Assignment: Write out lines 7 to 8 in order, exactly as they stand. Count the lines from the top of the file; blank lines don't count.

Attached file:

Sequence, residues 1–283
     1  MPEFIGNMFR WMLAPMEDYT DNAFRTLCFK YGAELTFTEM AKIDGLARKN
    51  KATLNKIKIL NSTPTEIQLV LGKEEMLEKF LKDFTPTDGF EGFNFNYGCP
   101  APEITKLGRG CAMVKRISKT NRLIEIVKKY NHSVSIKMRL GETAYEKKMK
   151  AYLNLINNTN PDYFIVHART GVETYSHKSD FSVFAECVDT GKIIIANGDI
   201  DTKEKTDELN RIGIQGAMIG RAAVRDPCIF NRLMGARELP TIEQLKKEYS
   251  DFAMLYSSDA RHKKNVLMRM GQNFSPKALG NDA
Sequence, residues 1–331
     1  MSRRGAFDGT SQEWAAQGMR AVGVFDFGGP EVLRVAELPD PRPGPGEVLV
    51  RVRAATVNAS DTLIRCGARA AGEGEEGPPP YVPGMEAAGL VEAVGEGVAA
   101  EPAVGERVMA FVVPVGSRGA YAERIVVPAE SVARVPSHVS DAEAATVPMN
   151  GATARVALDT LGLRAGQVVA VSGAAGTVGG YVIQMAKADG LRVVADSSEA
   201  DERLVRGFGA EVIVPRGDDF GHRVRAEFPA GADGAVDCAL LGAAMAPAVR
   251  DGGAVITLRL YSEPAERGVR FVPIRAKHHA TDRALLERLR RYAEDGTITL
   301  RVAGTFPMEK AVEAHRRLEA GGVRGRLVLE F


   251  DFAMLYSSDA RHKKNVLMRM GQNFSPKALG NDA
Sequence, residues 1–331